1950s and 60s: During this time, Thomas was involved with several KFC franchises. He worked with Colonel Sanders himself on some projects to make KFC more successful and better-known. One of Thomas’ suggestions to Sanders was that he should appear in commercials for his restaurant. The Colonel took him up on it, and Thomas himself used the idea years later, with obvious success for Wendy’s. His experience of running KFC franchises prepared him for his next business venture – opening his own hamburger restaurant.
November 15, 1969: After complaining he couldn’t find a good hamburger in Columbus, Thomas decided to open his own restaurant, Wendy’s, on this day. Wendy’s was named for his eight-year-old daughter, Melinda Lou, known as Wendy. She was the youngest of his five children with his wife Lorraine, whom he married in 1956. Known for its square hamburgers and choice of toppings, Wendy’s quickly caught on and, within less than a decade, grew into a franchise of 1,000 stores.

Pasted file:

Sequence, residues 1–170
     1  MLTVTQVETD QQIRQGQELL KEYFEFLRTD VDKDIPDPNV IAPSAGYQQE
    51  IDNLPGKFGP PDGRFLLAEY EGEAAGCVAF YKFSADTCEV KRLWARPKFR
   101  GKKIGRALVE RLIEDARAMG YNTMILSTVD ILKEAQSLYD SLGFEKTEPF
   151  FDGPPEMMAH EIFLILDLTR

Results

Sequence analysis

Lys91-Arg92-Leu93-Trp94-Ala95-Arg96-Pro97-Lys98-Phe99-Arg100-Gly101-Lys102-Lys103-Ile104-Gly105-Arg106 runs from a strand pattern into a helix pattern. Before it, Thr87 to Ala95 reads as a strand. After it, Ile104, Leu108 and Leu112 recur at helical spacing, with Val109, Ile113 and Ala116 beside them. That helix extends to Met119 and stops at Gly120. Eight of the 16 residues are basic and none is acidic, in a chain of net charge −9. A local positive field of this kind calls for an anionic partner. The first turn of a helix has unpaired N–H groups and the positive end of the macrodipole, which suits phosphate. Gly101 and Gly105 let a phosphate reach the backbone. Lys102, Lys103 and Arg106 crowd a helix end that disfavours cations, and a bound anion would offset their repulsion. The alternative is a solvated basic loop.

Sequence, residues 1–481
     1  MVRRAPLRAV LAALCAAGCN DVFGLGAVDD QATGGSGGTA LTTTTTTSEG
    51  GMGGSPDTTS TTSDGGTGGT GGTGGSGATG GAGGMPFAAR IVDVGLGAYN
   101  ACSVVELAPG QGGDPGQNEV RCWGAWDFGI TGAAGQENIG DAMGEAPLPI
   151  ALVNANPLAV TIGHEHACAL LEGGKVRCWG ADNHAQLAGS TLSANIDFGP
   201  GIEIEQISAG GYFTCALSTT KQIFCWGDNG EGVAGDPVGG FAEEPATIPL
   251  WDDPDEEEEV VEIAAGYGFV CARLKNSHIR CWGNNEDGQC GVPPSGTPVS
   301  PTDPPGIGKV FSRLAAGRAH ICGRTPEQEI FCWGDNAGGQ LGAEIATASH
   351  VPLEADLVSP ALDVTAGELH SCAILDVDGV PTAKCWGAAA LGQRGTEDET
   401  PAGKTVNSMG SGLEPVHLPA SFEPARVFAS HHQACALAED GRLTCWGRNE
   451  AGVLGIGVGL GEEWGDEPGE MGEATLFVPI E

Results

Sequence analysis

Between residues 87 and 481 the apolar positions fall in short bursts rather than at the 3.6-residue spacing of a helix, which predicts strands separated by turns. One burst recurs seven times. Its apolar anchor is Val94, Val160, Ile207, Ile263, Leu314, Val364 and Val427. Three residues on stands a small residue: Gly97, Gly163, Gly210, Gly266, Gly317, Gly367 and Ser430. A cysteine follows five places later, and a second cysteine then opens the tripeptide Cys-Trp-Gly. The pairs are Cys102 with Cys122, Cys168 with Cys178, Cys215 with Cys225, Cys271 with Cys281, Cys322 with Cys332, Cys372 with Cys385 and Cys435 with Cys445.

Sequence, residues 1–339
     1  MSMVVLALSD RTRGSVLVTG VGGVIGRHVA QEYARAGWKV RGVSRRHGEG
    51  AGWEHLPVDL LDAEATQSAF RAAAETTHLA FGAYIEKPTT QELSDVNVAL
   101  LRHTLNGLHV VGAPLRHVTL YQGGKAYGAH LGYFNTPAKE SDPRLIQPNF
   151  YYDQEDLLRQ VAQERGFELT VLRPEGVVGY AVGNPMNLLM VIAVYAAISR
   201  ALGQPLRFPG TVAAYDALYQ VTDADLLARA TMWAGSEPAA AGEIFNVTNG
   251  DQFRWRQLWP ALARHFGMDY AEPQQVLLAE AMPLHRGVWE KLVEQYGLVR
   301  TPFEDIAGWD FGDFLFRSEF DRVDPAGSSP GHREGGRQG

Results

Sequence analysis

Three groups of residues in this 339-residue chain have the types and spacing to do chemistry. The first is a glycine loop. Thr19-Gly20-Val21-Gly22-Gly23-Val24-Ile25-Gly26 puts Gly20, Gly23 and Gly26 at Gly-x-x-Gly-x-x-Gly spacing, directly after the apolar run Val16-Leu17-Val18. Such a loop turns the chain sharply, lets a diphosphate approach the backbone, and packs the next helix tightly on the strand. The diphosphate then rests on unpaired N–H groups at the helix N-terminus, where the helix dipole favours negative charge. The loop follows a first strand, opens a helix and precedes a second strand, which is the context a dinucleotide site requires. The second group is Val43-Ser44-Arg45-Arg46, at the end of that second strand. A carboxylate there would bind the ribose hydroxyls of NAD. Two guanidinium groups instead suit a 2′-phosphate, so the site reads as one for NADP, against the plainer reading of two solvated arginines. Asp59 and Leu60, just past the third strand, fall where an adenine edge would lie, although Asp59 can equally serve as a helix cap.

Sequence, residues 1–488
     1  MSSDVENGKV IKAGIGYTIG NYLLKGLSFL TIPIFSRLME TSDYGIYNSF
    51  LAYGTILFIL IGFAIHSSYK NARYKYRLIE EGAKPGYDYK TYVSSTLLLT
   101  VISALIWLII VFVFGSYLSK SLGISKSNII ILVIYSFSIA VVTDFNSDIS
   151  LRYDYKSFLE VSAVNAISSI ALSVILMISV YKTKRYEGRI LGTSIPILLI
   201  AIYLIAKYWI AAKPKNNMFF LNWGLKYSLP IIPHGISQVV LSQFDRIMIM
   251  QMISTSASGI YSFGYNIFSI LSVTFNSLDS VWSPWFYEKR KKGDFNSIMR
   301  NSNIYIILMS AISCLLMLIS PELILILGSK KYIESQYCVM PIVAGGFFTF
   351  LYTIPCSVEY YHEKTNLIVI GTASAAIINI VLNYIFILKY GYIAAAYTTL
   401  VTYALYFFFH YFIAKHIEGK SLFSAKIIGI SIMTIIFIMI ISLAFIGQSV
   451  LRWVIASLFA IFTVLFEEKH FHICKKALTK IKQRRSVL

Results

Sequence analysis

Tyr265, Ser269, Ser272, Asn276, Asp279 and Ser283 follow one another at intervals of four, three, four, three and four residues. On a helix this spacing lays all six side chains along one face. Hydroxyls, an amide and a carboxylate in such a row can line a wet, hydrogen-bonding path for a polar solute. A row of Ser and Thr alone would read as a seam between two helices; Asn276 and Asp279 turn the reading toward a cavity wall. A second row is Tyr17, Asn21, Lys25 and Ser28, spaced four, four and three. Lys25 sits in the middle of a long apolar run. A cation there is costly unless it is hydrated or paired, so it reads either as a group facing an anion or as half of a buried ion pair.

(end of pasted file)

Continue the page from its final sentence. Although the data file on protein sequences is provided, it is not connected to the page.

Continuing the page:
The Dollar Menu: Something Wendy’s pioneered. In 1989, Wendy’s was the first chain to introduce a menu where every item cost the same price. Their “value” menu had a set price of 99 cents. Burger King launched its 99-cent menu in 1998, and McDonald’s didn’t get around to launching their dollar menu until 2002.
Drive-through pickup: Though Wendy’s wasn’t the first to introduce this idea, they did re-shape how it worked and streamlined the process to make it easier and quicker. The honor for the first drive-through was In-N-Out in 1948. They introduced the concept of ordering through a speaker and then driving to a window to get the order. However, in 1971 Wendy’s re-shaped the idea. It was this system that was later implemented in just about every fast food chain there is today.
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